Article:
• Asian Giving Circle, established in 2002, convenes professionals and distributes grants to leverage impact on issues of common concern within Asian American communities.
  • LGBT Community Fund, established in 2010, serves as a tool to educate the region about LGBT issues and promote effective philanthropy to achieve strategic change that improves LGBT residents’ quality of life.
  • Nuestro Futuro, created in 2003, promotes Latino philanthropy and pools resources to support organizations and program improving the life of Latinos in metropolitan Chicago.
  • Disabilities Fund promotes the development of programs, policies, and public action that expands opportunity, inclusion and participation of persons with disabilities in the Chicago region.
  • Young Leaders Fund, created in 1994, provides young professionals between 25 and 45 years old the opportunity to become more informed and effective donors and leaders by expanding their understanding of active grant making.

Collaborative Funds

Supporting Organizations

See also[edit]


  1. ^ a b "History". The Chicago Community Trust. Archived from the original on 2016-10-07. Retrieved 2016-09-11.
  2. ^ a b "Albert Wadsworth Harris and Kemah Farm" (PDF). Retrieved 2016-09-13.
  3. ^ a b Missing or empty |title= (help)
  4. ^ "MacArthur, Chicago Community Trust create low-interest loan program for nonprofits". Crains. Retrieved 2016-09-13.
  5. ^ "Chicago Community Trust". Retrieved 2016-09-11.
  6. ^ a b c d e f Loomis, Frank Denman (1962). The Chicago Community Trust: A History of Its Development 1915-62. Chicago.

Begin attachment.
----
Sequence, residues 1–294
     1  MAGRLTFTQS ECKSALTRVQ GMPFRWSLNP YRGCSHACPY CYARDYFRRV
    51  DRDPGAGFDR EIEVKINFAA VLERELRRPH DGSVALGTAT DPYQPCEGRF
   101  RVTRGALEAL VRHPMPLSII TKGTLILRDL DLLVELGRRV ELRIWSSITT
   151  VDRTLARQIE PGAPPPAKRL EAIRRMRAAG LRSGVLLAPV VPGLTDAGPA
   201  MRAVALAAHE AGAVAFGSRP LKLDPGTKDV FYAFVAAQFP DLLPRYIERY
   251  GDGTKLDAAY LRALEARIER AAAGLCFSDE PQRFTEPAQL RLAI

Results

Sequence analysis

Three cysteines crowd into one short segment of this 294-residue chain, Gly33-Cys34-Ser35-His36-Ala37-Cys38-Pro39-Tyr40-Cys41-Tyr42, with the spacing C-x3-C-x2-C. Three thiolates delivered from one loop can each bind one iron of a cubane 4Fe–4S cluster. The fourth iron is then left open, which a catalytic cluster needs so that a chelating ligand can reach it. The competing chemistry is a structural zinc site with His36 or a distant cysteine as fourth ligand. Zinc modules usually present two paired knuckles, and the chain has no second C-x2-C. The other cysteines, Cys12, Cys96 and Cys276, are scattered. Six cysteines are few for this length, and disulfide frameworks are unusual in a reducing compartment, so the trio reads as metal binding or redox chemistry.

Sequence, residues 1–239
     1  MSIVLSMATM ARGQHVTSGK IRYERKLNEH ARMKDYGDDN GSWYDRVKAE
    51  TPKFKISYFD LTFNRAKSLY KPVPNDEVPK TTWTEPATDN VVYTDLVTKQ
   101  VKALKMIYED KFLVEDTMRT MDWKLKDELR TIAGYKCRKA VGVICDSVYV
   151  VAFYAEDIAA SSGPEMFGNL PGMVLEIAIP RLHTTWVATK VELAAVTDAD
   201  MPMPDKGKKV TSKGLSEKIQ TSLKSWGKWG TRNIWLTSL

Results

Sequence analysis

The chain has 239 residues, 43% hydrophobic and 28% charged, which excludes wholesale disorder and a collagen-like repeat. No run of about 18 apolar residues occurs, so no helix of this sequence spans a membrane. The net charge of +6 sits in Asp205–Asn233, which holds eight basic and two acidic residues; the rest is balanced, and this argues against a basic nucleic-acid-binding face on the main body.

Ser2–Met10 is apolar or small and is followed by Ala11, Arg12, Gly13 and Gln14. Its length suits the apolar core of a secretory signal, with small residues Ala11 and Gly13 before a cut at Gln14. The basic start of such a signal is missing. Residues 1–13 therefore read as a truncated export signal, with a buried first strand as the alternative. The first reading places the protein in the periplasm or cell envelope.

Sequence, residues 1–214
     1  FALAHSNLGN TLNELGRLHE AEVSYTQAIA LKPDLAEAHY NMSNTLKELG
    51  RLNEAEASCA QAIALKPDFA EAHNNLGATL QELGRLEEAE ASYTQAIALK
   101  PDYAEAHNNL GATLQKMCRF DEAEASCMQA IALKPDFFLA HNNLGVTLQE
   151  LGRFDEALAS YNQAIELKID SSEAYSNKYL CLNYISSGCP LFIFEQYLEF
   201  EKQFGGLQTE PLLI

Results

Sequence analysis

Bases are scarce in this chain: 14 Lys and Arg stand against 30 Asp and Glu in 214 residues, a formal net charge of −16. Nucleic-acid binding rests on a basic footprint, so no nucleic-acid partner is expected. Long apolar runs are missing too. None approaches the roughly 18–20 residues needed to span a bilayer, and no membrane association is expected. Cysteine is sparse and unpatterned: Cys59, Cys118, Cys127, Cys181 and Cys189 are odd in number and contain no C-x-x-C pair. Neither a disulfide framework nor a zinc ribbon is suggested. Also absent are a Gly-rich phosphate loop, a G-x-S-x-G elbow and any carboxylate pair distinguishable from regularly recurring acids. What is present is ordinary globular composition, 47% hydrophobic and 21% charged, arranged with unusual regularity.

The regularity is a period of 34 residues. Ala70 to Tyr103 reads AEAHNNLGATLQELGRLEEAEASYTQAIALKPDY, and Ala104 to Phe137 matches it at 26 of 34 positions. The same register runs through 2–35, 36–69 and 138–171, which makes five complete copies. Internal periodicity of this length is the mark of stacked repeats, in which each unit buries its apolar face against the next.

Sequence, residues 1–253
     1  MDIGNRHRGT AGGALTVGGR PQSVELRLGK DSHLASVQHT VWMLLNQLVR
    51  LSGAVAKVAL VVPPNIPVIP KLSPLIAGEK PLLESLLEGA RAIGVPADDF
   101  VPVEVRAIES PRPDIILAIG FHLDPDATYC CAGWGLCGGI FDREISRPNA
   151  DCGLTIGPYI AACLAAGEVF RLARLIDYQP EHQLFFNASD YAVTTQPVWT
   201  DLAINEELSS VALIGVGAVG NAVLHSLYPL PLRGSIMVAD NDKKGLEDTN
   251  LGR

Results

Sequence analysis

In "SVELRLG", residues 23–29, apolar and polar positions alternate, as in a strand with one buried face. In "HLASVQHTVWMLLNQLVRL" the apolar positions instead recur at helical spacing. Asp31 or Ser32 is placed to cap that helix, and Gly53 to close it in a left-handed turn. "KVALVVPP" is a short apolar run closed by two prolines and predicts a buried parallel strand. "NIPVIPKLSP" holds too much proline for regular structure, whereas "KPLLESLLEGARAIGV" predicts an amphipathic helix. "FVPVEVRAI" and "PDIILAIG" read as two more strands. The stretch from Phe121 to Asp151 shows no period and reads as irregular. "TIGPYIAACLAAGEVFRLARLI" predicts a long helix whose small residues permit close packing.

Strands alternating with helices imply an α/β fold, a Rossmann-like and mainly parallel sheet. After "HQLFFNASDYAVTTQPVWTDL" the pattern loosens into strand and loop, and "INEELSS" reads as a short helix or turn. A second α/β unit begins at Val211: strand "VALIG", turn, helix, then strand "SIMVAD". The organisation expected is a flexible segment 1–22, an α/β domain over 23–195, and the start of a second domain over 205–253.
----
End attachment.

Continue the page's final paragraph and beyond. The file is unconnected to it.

7. ^ "Chicago 1992 Committee". Retrieved 2020-06-02.
  8. ^ "In Memoriam: Kale Williams, The Chicago Community Trust". The Chicago Community Trust. 2017-09-04. Retrieved 2020-06-02.
  9. ^ "The Partnership for New Communities" (PDF). Retrieved June 2, 2020.
  10. ^ Gold, Alison (2013). Insights from solving problems through cross-sector partnerships. The Partnership for New Communities.
  11. ^ "About OTT 2020 – on the table". Retrieved 2020-06-02.
  12. ^ "CPL and Partners Present A VARIETY OF ONE BOOK ONE CHICAGO EVENTS". Chicago Defender. 2015-10-20. Retrieved 2020-06-02.
  13. ^ "Turning Ideas Into Action, the Chicago Community Trust Announces Six Collaboratories Resulting from on the Table". InsuranceNewsNet. 2014-09-03. Retrieved 2020-06-02.
  14. ^ "Driehaus Foundation". Retrieved 2020-06-02.
  15. ^ "2018 Annual Report" (PDF).
  16. ^ "Chicago Community Foundation - MacArthur Foundation". Retrieved 2020-06-02.
  17. ^ "Grant Overview, The Chicago Community Trust". The Chicago Community Trust. Retrieved 2020-06-02.

External Links[edit]